We consume too much news. Too much of it is junk.
The coronavirus pandemic is affecting our lives across the board. In my clinical practice, I see the many ways clients are dealing with pandemic-related stress, uncertainty, anxiety, and loss. The stories vary, but a commonly reoccurring theme has to do with consuming the news. Many people are spending much time searching for and absorbing virus-related media stories. Their motivation is usually self-protective. They wish to be well informed in order to be well prepared. Yet quite consistently, my clients report that the effects of their intense news consumption are paradoxical: The more they consume, the more anxious they become.
Why would that be? Part of the answer relates to what is known in medicine as a dose-response effect. Consider your medicine cabinet. Most of the substances in there are helpful, but only if dosed correctly. Too little will provide no relief. Too much will cause harm. The news is to the mind what medicine is to the body. Too little leaves us vulnerable due to ignorance. Too much may overwhelm us into paralysis, anxiety, and confusion.
But, you may ask, how can too much news harm us? After all, if news is knowledge, and if knowledge is power, then how can too much news be disempowering? To understand why over-dosing on the news is harmful, we must first understand signal detection theory, which concerns our ability to detect signals in a less-than-perfect “noisy” (that is, real-world) environment. The attempt to discern signal from noise (i.e., truth from untruth) in such an environment is vulnerable to two types of errors: a false alarm (we detect something that isn’t there) or a miss (something is there that we fail to detect).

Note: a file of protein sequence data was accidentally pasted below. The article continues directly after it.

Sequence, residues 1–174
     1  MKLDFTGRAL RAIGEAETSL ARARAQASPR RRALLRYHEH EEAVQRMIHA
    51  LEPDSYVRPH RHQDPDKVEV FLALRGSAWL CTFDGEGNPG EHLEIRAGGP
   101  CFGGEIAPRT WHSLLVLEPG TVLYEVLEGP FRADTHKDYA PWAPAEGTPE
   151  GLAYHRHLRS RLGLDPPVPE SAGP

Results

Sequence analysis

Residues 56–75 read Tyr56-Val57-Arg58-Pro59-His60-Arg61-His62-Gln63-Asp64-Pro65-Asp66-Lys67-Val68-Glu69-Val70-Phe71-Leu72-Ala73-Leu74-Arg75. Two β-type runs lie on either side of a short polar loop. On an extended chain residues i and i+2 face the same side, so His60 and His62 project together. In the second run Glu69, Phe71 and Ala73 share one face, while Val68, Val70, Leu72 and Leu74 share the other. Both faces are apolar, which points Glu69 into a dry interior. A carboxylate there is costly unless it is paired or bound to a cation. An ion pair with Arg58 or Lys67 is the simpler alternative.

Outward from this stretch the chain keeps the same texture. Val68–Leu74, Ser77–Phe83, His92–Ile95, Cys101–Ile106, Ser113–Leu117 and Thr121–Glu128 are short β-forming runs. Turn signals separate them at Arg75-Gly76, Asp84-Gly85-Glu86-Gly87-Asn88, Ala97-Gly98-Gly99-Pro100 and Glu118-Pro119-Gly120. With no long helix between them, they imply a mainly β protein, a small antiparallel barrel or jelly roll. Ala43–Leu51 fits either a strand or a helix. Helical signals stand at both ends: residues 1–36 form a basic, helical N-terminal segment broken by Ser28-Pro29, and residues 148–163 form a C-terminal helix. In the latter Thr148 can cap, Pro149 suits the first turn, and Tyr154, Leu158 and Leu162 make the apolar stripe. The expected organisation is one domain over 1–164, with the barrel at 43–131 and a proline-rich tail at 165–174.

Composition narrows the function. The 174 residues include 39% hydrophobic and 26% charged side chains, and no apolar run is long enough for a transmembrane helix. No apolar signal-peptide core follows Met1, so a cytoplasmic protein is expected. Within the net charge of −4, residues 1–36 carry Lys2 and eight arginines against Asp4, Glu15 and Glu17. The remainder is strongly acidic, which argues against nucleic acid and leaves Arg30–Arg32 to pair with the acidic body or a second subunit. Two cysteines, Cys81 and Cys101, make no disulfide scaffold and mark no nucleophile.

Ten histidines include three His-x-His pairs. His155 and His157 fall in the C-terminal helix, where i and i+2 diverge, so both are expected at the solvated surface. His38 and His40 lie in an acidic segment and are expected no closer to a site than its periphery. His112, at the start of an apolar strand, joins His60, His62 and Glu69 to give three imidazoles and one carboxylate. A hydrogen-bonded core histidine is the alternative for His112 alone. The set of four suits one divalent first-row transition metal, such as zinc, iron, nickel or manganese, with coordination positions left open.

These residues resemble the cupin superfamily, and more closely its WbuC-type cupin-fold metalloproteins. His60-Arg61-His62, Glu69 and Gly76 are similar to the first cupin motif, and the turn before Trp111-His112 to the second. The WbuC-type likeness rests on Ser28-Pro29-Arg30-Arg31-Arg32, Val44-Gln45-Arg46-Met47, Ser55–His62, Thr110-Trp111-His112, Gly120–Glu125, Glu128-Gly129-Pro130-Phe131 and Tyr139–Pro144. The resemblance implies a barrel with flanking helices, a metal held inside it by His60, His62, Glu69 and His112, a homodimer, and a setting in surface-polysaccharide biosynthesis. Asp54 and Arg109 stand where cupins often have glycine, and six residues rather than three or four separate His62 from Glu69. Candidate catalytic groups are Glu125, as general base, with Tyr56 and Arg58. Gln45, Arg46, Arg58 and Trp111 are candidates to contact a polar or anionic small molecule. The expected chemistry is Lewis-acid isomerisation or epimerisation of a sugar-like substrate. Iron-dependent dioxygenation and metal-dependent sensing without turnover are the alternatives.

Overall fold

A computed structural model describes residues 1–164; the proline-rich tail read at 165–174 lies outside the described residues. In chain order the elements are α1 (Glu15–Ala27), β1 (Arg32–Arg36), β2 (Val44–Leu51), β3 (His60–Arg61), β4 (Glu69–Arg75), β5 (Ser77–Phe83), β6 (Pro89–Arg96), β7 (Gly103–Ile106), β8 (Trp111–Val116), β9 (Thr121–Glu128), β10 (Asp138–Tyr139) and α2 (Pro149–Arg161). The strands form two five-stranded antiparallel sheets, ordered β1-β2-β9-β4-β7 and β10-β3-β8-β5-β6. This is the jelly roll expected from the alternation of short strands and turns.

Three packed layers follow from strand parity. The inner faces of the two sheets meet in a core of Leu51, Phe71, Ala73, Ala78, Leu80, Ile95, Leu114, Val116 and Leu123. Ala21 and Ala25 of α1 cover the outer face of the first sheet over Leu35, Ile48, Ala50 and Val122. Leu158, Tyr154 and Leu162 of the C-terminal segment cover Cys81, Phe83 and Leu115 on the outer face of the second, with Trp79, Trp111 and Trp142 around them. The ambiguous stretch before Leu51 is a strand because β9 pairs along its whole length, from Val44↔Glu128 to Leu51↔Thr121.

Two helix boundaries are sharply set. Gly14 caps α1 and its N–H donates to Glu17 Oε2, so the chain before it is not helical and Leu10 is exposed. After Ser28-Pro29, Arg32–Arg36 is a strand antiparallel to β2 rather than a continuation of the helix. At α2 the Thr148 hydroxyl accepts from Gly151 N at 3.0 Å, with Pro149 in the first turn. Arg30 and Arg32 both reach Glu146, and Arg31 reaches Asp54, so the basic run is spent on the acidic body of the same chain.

By definition, a detection system that favors avoiding misses will incur many false alarms, and vice versa. In the dangerous environs of our ancestors, missing a threat was much costlier than a false alarm. Natural selection, therefore, shaped our sensory system toward avoiding misses. Thus, our brain is attracted to trouble—the so-called negativity bias.
Second, we must recognize that the news in America is by and large a for-profit business. It generates profits by getting eyeballs on the news product. In other words, it needs to attract consumers’ attention. And you already know what attracts our attention: that’s right—mayhem. The news, therefore, will prioritize mayhem, exploiting our brain’s innate tendencies. If it bleeds, it leads. Airplane crashes will always make the news. Airplanes landing safely will not. Consuming the news, hence, is not merely acquiring knowledge. It is acquiring a certain type of knowledge, heavily tilted towards brokenness.
Consuming this type of knowledge further skews our worldview by triggering a fundamental cognitive bias called the availability heuristic—our tendency to assume that things we hear a lot about are common. Hearing a lot about negative events leads us to believe that negative events are common, even when they are not. This means that when we overdose on coronavirus news, what we’re getting is not further education on coronavirus, but rather a sort of coronavirus propaganda, according to which the virus is poised to destroy us all, inevitably, imminently, thoroughly, and permanently. That terrifying picture compels our attention further, and the vicious cycle is created. Thus over-consumed, the news, which is supposed to help our understanding and our coping, in effect undermines both. SOURCE